I've been thinking for the last year or so that rock n roll is consigned to history already. It's probably going to drift off and be replaced by something as yet unnamed. It's likely to go the way of classical and other period focused styles, to be performed nostalgically.

 

Perhaps it should all get transcribed so when media players such as turntables, bluray players and ipod and so forth no longer exist, at least there'll be proof it happened - just like Gregorian Chant was documented.

 

I feel to a certain extent, it's all been done. The last really big movement in popular music was grunge... well over two decades back. So many current styles are still clinging to that time.

I could go on, and of course it's only my opinion, but I feel this is the world I'm now operating in. I still love it though. Nothing can alter that now.

 

Today in West London, I saw something which brings it all home for me. I've been trainspotting my way around this incredible city, looking at significant places o...

2 Feb 2016

 

 

I don’t mind a bit of trainspotting. Anybody who knows me well enough knows that I am a black-belt Who fan. They are the greatest rock n roll band of all time, for so many reasons. A couple of these was their "do it the way we want it done" ethic, and their utter loyalty to Mother England. There was no French Riviera tax exile for the West London 'Oo. And they built their business into the London landscape.

 

I've been aware of Ramport Studios ever since pouring over the liner notes of "Quadrophenia", possibly one of the best prog-rock albums ever made... though the album itself wouldn’t agree - t's just a story about addled youth in Grimy old 1960s London. Ramport was an old church hall near Battersea power station along the Thames. Pink Floyd fans know this area from the cover art of "Animals." It is here that the band chose to put their money down.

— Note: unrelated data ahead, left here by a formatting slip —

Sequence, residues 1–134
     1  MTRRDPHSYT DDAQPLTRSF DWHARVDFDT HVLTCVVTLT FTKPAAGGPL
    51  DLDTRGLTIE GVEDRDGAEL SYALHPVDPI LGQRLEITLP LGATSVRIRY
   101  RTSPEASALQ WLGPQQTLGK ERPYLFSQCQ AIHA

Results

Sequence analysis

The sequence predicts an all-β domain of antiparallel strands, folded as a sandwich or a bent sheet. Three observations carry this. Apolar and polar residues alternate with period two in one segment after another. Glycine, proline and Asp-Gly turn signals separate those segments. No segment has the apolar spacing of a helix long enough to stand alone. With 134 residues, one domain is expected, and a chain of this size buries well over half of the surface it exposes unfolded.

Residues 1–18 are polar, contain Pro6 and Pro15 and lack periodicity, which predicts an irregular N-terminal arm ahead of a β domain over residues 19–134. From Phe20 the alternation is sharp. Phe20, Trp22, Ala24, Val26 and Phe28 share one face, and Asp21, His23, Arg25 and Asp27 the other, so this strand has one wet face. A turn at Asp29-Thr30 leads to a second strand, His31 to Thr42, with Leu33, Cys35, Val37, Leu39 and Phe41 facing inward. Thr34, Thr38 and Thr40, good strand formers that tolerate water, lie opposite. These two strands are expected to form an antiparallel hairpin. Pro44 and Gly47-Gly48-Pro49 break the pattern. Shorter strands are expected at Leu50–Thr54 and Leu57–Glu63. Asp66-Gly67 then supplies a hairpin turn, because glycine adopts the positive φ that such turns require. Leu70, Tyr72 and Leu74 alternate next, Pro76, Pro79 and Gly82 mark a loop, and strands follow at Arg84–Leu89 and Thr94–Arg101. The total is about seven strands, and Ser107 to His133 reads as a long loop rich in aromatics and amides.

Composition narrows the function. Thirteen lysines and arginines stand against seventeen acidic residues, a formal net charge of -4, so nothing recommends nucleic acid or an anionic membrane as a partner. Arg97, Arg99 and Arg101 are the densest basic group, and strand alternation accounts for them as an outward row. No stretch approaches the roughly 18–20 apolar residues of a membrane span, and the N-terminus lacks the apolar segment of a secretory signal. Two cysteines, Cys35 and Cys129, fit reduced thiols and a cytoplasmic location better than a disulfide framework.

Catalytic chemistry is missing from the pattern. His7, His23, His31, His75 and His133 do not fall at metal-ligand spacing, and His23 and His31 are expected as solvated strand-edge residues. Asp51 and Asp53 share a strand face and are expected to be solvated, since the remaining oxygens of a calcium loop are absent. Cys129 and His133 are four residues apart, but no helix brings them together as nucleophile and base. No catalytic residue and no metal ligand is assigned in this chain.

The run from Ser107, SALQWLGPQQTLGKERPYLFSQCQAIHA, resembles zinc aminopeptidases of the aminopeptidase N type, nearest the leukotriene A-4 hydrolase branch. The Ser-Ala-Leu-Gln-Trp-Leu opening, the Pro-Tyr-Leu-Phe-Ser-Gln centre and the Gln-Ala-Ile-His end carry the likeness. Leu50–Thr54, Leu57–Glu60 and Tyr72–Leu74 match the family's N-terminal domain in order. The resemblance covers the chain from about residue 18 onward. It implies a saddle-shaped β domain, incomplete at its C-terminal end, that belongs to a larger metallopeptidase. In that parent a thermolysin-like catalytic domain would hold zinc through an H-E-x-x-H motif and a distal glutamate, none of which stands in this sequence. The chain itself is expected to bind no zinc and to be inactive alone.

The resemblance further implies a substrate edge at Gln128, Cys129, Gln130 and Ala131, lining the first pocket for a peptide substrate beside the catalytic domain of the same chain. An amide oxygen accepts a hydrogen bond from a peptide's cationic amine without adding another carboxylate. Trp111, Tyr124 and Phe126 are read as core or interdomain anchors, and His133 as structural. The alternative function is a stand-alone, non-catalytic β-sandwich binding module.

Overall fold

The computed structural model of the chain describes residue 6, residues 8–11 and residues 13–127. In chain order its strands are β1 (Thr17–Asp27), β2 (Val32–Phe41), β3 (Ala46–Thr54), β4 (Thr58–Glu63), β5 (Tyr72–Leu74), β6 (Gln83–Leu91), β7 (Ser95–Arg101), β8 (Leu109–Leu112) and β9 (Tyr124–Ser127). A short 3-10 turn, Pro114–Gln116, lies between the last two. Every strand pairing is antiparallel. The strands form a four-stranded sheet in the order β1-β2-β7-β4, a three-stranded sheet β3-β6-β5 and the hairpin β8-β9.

Long story short, at more than five times the original set up budget, the studio began recording "Quadrophenia" before the control roo...

27 Jan 2016

Currently underway is a long planned collaborration with the Bellarine's Queen of ukulele and song and her outstandingly talented and diverse offspring. Having been in and out of each others pockets for well over a dozen years now, this project is already paying dividends of creativity plus enormous fun. The material ranges from simple folk, to epic laments, to all out St. Kilda style pub rock n roll.

George, not content with just reorganising the drum kit for every song, is playing bass, keys, singing and even telling me where editing is required or not. He's 16. Sarah of course is putting down her 5th studio album and has quite simply poured her her heart and soul in this work. As we are both cancerians, a lot of good natured but serious sparring is going on - what is right, what is wrong... is double tracking honest or not... when should we eat dinner... whether or not Paul Stanley is sporting a wig of late. All the crucial stuff.

We've tracked all the basics and now lo...

30 Sep 2015

Jackie Marshall is one of the most amazing talents I know. Her stock in trade musical catharsis is completely engaging. She can sing and write just about anything... and does. Our last colaborration, under the "Peppercorn Queen" moniker was an experiment that paid off. Starting from scratch with a new brace of songs, we've thrown the fences to the four winds and just let it unfold as the muse dictates.

Having come out of an extended period of trauma, newborn, breakup/downs and court orders, the Marshall canon has never been more loaded. Excellent. From adversity comes inspiration.

Back in the saddle are Ronny Rindo on drums and Constable Bodkin on uprights and electrical basses. I'll be up to the usual. Joining us for the first time is Melissa Frazer on bass and singing. She's terrific.

Much more to come.

31 Jul 2015

In this 2015 re-imagining of Tolstoy's Anna Karenina, actual performing musicians were tracked live on set to provide documentary style realism to a fictional dramatic work. In all musical scenes Vale Sound provided the recordings and the studio set pieces, pieces that actually recorded the performances. While somewhat unconventional, critical acclaim was noted for this detail alone. Emerging NZ singer Marlon Williams was the main talent for these sequences with as many as six songs making the final cut for the series. In addition to this, Leigh Ivin played ethereal pedal steel, amplified through a custom built rotary speaker set-up with haunting effect, the sounds reverberating though the historic Villa Alba in Melbourne where the sequences were shot. Parts of these recording were adapted into the score as well.

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Leigh IVIN

heftosprod@hotmail.com

+61 427 537883